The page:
Freshman year I was just looking for something to do in college. I didn’t think I wanted it to be MUN, but it was something I knew how to do. After crisis staffing, the application to be on secretariat came out, and I realized MUN made me feel like I was home at BU. Why would I give that up?


What was it like being the secretary general?

A lot of work. Combined, I’ve put two years of my life into being the chief-of-staff between the secretariat and secretary general. I’ve worked on that every day for two consecutive years. It was a lot harder than I ever expected it to be. It’s a big job with a lot to do because as secretary general everything is your job. Everything that happens you have to make sure happens well and you have to be the person who takes the fall if things go wrong. Issues always come up, and it's a big responsibility havings to deal with those issues. But, I’m proud of the conference I put on. 


How much sleep did you get leading up to the conference and during?

No. Just no.


If you could create any committee what would it be?

My ideal committee would be Ad Hoc this year (Sons of Liberty). It was the first time we got to take a committee into the city and go to historic sights. We got to assess the questions of freedom and independence and what they actually mean, which was exciting. The Revolution was a big thing we hit on, and I just love working with historical committees.


What is your ideal crisis and solution?

Massive public unrest against a government trying to stay in power and seeing the different ways that government can respond.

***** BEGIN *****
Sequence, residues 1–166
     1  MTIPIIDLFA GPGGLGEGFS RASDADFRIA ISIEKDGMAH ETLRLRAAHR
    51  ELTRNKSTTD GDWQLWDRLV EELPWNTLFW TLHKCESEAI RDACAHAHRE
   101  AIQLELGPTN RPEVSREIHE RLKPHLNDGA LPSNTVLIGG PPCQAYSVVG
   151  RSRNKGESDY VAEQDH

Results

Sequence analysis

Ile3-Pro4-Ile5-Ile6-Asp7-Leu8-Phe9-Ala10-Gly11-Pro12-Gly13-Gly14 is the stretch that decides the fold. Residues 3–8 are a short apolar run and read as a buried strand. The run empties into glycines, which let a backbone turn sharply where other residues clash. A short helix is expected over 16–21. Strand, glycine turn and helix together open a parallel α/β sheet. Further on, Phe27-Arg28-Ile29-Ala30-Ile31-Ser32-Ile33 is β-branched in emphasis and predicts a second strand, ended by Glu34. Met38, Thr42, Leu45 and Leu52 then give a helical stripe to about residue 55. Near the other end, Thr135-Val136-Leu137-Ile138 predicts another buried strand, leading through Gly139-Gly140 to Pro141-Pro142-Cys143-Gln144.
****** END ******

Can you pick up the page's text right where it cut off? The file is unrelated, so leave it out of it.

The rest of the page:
What is your favorite thing about BarMUN?

It's cliché, but it brings people together. When I looked out at opening ceremonies, there were over 550 people involved from five different countries, a lot from BU and a lot from everywhere else. It was really cool just to bring them all together. 

Are you excited for BosMUN?

This year I’m going abroad, so I won't be participating. But I’ve participated in the past and loved it.


What have your roles been at BosMUN?

I’ve been a chair for committees the last two years.


What is your favorite MUN memory?

I was competing in a committee that was dealing with Korean officials from North and South Korea to create peace. My job was really peace-oriented. By the end of the conference, we got three resolutions passed in succession and they were all mine. I stayed standing in front of the room for a good hour because I had written all of these and was presenting them. I was so proud that I could effect committee in such a big way. I was also sitting next to someone who was portraying Kim Jong-un’s sister and they took it to the extreme with reactions. She had this horrible wig from CVS and a tiara and was just super over the top.